the executive branch has for these goals is the antiquities that. the historical culture resources on our nation's public lands in a new mexico we've seen the antiquities act used to preserve the greatest draws to a state. carlsbad canyon, choco canyon and carlsbad caverns, which has turn into national parks. my constituents have proposed rio grande near towson peaks outside of las cruces. both of these proposals have been they received overwhelming support not only from local residences come of it as mrs. and chambers of commerce
is. i want to ask you your thoughts has potential secretary on how you will or whether you will support the responsible use to work with local communities to protect america's crown jewels. >> thank you are a match senator. the antiquities act recognizing the importance of such areas as the grand canyon and statue of liberty have been presidents from the republican and democratic side and has been a very, very important avenue to recognizing things. you mentioned something very important and i'm committed to this is public input, how communities feel into 19 inappropriate way so it not a surprise. it is something during engagement and people in our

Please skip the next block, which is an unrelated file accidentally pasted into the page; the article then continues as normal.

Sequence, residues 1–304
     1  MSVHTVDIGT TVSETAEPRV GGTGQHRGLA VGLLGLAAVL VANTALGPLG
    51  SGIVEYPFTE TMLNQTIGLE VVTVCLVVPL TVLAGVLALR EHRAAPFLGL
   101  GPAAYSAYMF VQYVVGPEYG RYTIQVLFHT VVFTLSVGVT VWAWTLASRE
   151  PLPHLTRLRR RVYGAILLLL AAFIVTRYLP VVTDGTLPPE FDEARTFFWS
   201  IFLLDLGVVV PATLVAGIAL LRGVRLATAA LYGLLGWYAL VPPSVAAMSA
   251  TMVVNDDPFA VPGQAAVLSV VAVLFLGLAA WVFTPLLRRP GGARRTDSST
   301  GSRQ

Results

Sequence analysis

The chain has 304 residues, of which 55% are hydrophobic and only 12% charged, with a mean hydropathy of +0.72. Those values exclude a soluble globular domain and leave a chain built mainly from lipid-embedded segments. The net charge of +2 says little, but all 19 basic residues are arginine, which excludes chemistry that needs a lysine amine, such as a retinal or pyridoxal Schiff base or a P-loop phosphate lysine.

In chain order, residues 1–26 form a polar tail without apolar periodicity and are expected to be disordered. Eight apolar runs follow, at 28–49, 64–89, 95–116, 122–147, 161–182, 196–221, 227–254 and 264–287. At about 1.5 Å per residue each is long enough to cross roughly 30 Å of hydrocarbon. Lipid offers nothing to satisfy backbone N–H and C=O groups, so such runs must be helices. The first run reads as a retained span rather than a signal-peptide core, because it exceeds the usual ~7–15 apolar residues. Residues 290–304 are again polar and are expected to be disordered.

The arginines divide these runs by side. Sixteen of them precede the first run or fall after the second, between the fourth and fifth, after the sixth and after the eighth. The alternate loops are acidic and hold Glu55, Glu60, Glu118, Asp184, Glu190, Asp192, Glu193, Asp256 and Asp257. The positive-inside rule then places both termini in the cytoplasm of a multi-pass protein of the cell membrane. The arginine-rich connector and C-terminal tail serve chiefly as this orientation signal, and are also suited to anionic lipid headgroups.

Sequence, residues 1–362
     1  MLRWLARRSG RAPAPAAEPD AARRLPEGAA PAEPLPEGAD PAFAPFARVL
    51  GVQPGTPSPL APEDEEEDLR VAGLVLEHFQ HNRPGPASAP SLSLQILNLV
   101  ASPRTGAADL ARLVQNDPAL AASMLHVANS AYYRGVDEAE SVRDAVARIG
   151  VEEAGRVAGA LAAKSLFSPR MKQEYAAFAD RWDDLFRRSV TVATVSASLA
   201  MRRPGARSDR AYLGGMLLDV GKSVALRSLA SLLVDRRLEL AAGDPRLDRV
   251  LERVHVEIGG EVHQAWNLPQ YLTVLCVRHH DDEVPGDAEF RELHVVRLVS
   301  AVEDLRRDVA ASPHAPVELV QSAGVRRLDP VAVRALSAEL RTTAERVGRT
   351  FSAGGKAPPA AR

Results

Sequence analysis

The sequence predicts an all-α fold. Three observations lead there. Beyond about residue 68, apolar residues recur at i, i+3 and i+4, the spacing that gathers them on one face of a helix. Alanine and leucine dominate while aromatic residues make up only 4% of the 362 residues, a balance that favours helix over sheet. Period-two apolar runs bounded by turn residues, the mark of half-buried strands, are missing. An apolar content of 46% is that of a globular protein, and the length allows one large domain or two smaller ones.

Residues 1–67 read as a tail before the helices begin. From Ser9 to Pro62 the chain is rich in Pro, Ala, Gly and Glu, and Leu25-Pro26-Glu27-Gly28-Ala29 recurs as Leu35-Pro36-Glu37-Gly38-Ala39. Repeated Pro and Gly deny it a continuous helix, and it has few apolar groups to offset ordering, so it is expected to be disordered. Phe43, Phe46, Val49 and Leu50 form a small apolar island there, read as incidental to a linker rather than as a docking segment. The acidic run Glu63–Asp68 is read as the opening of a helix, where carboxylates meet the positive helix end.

state by these places know that other than anybody else around the country. i look forward to working with any number of senators that they may have within their state. >> that's exactly why you see the phrase responsible use of the antiquities that because it is absolutely critical. so it's protecting our crown jewels. public lands in places like new mexico are in backyards, sometimes for hours. it's very new mexicans go to hike, hunt, fish, react with families to struggle with in recent years is true a number of places around the intermountain last is because public access.